All of the hoopla went unnoticed by the Nixons, who were not home at the time. But then, the PLO house has not even been occupied yet and it has already been picketed twice -- by the Jewish Defense League and by a group protesting the persecution of Soviet Jews.
In general, the Nixon's arrival has been treated by the denizens of East 65th Street with good-humored resignation. As novelist Nancy Winters observed in a recent essay, "It's the most excitement we've had round here since manhole covers blew outside the Sign of the Dove," an elegant restaurant on the corner of East 65th and Third Avenue.
Neighbors have spotted Nixon having his hair cut at the Regency barber shop and shopping for baby clothes with his daughter on Madison Avenue.
Last month, when the Nixons first visited their 12-room, $750,000 town house, located next door to banker David Rockefeller's home, a small group of neighbors turned out to say hell and cluck sympathetically as the new arrivals sidestepped several mounds of uncollected garbage lining the curb -- a common New York hazard, even on the city's most elegant blocks. t
Reaction to the PLO, however, has been anything but sympathetic. The community has been in a dither since mid-January, when it became known that Zehdi Labib Terzi, the PLO's permanent representative to the United Nations, had paid $950,000 cash for the residence, which Terzi plans to call "Palestine House."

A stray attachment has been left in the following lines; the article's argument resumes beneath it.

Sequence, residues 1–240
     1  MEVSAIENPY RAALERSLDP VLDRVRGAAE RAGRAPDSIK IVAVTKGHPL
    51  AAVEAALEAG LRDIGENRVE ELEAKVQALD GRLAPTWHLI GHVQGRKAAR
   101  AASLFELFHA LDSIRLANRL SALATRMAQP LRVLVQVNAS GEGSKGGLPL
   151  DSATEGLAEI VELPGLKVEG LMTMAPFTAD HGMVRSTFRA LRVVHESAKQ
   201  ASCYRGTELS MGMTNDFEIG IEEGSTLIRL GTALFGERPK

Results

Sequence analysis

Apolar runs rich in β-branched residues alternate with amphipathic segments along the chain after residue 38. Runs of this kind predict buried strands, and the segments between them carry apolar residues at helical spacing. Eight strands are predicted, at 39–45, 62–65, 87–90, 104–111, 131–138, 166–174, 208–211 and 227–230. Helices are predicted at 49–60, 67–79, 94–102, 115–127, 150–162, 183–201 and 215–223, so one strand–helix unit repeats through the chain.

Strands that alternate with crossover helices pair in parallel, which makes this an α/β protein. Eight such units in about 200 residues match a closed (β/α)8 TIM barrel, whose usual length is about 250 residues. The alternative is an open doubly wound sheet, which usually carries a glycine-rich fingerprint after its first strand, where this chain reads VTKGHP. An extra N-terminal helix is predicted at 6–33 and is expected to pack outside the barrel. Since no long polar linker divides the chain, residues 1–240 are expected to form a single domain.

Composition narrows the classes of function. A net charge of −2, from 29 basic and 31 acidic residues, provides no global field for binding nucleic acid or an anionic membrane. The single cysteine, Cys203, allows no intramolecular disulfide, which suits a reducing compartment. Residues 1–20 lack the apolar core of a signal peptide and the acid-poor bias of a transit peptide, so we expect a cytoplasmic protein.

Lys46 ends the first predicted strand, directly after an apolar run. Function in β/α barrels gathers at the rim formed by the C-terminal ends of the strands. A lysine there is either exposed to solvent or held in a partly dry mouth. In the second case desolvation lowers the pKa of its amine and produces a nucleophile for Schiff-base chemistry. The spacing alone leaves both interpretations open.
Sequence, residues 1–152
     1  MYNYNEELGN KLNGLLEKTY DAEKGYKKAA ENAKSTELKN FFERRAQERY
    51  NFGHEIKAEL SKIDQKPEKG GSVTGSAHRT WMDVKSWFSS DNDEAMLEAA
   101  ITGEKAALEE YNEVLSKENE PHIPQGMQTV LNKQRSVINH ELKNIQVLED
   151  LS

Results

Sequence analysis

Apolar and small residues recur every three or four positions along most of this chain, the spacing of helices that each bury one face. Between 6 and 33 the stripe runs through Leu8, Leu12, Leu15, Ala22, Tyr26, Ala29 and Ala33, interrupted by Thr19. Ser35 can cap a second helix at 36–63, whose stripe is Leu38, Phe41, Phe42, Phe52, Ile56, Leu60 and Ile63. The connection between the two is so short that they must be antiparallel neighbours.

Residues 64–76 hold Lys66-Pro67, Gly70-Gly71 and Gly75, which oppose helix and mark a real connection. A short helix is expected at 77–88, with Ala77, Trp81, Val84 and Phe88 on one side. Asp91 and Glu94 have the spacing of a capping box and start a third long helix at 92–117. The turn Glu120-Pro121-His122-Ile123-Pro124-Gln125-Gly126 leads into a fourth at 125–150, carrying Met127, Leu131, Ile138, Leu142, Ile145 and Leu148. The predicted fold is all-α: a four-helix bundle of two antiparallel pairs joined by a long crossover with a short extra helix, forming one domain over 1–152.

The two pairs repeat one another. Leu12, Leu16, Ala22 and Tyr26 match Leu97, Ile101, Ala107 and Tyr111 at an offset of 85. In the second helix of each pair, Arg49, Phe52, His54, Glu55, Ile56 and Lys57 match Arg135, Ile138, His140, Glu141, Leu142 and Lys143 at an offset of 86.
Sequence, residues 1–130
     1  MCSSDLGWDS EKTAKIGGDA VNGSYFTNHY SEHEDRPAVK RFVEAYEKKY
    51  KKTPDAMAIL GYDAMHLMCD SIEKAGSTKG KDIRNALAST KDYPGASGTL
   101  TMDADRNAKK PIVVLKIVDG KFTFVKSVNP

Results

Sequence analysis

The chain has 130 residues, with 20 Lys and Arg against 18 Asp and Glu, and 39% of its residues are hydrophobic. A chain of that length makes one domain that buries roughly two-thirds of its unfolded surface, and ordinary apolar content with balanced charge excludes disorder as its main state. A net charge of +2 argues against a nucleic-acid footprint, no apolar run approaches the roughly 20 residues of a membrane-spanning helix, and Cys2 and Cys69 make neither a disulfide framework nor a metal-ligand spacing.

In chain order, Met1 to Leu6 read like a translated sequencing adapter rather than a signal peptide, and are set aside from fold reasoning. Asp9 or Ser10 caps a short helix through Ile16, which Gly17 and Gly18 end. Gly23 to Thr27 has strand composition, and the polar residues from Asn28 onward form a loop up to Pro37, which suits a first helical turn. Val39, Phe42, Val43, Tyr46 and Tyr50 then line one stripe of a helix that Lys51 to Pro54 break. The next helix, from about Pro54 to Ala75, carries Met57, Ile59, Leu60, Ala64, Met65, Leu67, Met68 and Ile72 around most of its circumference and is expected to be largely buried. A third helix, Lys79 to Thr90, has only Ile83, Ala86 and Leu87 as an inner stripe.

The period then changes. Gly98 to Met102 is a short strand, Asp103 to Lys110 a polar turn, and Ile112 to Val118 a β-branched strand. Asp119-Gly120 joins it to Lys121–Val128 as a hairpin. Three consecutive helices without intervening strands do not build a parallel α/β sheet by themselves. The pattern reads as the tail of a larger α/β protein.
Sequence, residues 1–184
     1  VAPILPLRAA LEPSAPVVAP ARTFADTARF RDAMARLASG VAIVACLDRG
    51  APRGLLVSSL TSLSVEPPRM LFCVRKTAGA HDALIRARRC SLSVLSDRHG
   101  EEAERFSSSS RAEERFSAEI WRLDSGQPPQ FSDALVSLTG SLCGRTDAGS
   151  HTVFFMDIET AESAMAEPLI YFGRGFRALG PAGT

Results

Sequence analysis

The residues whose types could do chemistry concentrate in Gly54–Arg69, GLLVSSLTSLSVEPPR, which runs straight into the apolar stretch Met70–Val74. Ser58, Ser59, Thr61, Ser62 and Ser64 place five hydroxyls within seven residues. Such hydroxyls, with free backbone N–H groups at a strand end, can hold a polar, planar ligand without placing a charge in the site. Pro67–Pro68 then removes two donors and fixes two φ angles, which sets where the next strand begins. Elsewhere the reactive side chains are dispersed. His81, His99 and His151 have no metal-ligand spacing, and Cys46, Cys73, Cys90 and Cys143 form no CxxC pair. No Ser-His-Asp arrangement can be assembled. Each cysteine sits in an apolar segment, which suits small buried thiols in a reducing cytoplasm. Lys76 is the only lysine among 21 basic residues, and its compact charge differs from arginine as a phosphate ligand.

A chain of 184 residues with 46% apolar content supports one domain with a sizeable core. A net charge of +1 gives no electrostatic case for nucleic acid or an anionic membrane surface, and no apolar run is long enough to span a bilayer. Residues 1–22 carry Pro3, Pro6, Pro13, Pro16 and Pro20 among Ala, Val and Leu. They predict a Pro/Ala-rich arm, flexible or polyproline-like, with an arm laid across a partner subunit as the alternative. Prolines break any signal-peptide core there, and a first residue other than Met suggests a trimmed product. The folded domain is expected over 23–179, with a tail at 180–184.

Freely admitting that the money had been supplied by sympathetic supporters of the Palestine cause, including Saudi Arabia, Kuwait and the United Arab Emirates, Terzi announced that he, his wife, Widad, and their two teen-age children would be moving in as soon as the place was refurbished.
Part of the house, Terzi indicated, will be used as office space by the PLO, which is losing its lease on Park Avenue.
"We had heard rumors for some time that the house was being sold," said on longtime resident. "First someone said it had been purchased by a comedian. Then the story circulated that it was a black comedian. But we never expected this." (It was reported that the house had been shown to comedian Bill Cosby.)
Christine Schubert of 118 East 65th St. and her husband, Bernard, an investor, are spearheading a campaign to oust the PLO. They have organized meetings, circulated petitions, hired legal counsel and a public relations consultant, collected funds and demanded a hearing before the community planning board, charging that use of the building by the PLO is a zoning violation.
"We are not anti-PLO," Schubert insists. "This is purely a security issue. It's not that we think that they are going to drop a bomb on their own house. It's just that we're afraid someone else is."
Schubert said she understands that the PLO has been trying to improve its image lately, and would naturally be attracted to a neighborhood like East 65th Street. But, she added, "You have to earn respectability. You don't get it by buying a building on a so-called respectable block. That is only money," she said with a sniff, "and everybody knows they have plenty of money."